The fine line between urban/center city chaos and order
The UWS is falling apart, and lefties seem too woke to care," New York Post) and the Bloomberg Opinion column, "New York and San Francisco Can’t Assume They’ll Bounce Back," about the decline in urban order in the face of rioting, violence and looting around Black Lives Matter demonstrations.
Crime is rising in a number of US cities right now, in particular shootings and murders, but not so much other crimes, and there are a variety of theories for why this is so ("The murder spike in big US cities, explained," Vox).
WRT BLM-related violence, it seems to be perpetrated by a preponderance of whites ("How reckless White allies could lead to the reelection of Trump," Washington Post), but also recognize that some of it is fomented by supremacists seeking to spark disorder and discredit BLM, such as in Minneapolis ("Minneapolis police say 'Umbrella Man' was a white supremacist," Minneapolis Star-Tribune) and Oakland ("Suspect in officers' killings tied to Boogaloo group," Los Angeles Times).
Looting I think was more opportunistic and tended to be a more racially "diverse" phenomenon. Clearly some groups organized specific forays against businesses, seeing the opportunity.
While I understand the need to seriously reconfigure how we deliver public safety services:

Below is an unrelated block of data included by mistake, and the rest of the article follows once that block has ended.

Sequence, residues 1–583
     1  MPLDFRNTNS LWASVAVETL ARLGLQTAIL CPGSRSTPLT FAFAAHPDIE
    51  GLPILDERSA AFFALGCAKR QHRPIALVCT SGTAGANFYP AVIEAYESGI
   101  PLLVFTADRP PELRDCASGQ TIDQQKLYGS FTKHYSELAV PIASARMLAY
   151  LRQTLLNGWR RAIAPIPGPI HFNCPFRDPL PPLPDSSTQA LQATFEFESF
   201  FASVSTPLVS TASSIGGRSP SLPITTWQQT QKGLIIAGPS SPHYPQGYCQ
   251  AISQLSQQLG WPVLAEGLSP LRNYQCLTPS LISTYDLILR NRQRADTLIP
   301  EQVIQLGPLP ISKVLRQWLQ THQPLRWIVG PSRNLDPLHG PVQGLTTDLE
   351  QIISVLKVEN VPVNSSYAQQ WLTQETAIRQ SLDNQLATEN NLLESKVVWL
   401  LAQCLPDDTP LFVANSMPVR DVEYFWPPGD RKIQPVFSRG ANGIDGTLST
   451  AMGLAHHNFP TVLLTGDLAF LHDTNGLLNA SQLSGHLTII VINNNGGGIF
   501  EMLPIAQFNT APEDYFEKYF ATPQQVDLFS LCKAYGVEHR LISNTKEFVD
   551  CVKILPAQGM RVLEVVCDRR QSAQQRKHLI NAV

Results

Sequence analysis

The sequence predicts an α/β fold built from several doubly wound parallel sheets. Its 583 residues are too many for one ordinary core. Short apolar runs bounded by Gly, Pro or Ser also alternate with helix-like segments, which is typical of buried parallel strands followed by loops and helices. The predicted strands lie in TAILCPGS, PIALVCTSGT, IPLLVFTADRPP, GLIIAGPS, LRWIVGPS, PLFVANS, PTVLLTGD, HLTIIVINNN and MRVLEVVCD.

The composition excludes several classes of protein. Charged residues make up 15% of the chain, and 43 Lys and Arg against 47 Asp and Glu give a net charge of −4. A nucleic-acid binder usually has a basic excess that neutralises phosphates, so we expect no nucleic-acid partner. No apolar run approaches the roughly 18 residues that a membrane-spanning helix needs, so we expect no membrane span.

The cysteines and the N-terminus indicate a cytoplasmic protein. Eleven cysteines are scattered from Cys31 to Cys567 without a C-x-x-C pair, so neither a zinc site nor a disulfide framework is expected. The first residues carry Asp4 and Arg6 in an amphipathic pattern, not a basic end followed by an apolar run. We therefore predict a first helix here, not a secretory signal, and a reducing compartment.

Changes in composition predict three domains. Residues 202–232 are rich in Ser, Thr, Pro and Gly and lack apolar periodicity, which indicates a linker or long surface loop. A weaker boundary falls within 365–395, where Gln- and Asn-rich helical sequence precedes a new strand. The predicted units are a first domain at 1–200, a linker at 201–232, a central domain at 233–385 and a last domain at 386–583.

-- "Is it too late to change the messaging on "Defund the Police"? How about "Reconstruct Policing"?," 2020
-- "Towards a public safety model that is broader than policing," 2020
the idea of "defund the police" scares the hell out of me, because I have first hand experience of living with widespread disorder, from 1987 into the early 2000s, living in Washington, DC, when the 1990s were especially terrible because of the crack epidemic, bad policing, and other problems.
I can't provide a full recounting of all the bad experiences with crime that I dealt with during that time, but they include:
- at least three muggings (I happened to get away each time, although my glasses were broken once and I was punched another time)
- attempted muggings
- a crazy assault when I was locking my bike which caused blood and injury (I got the guy arrested and he served time, but the reality is that he was mentally ill)
- stolen (rental) car
- multiple stolen bikes or stolen bike parts
- thefts from my yard
- thefts of my stuff when at restaurants
- multiple burglaries of my house
- rape of my then wife during the commission of a burglary (which led to our divorce, although we might have gotten divorced eventually anyway)
There were at least a dozen murders a year in the neighborhood, some within a block of my house at particularly bad corners or at businesses. The H Street commercial district was pretty gnarly too, with a lot of crime, vacant properties, street robberies, robberies of businesses, tons of litter etc.
(As a result, community policing matters were some of the issues I aimed to address when I first got involved in neitghborhood issues around 2000. A few years later, I was featured in a Washington Post article on Labor Day in 2003, about city advocates fighting the overconcentration of liquor stores, the sales of singles, etc. It's oddly not available online, but is in articles databases.)
So arguing that police have no legitimate role in maintaining order makes no sense to me.